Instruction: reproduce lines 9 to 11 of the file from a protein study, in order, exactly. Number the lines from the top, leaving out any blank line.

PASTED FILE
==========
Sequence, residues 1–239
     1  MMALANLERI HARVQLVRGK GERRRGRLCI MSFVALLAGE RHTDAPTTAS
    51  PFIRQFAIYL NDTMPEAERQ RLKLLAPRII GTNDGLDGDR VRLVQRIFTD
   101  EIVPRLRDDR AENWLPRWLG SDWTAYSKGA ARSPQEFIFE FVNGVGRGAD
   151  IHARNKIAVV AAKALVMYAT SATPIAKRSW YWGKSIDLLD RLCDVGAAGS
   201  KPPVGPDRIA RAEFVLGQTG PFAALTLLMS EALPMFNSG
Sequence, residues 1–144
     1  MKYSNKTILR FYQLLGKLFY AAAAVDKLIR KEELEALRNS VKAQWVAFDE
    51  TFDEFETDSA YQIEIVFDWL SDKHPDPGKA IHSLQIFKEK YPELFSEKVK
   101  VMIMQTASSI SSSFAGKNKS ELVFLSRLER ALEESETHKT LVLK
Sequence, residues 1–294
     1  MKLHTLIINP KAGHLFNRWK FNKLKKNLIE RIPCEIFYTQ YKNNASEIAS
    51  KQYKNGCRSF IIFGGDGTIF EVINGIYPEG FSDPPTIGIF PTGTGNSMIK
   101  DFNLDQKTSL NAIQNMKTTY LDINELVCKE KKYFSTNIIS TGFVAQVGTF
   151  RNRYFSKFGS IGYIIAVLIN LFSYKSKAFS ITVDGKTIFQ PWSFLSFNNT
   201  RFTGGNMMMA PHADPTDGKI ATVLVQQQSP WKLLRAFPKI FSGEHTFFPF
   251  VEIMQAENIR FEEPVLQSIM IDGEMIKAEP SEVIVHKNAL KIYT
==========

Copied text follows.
    51  TFDEFETDSA YQIEIVFDWL SDKHPDPGKA IHSLQIFKEK YPELFSEKVK
   101  VMIMQTASSI SSSFAGKNKS ELVFLSRLER ALEESETHKT LVLK
Sequence, residues 1–294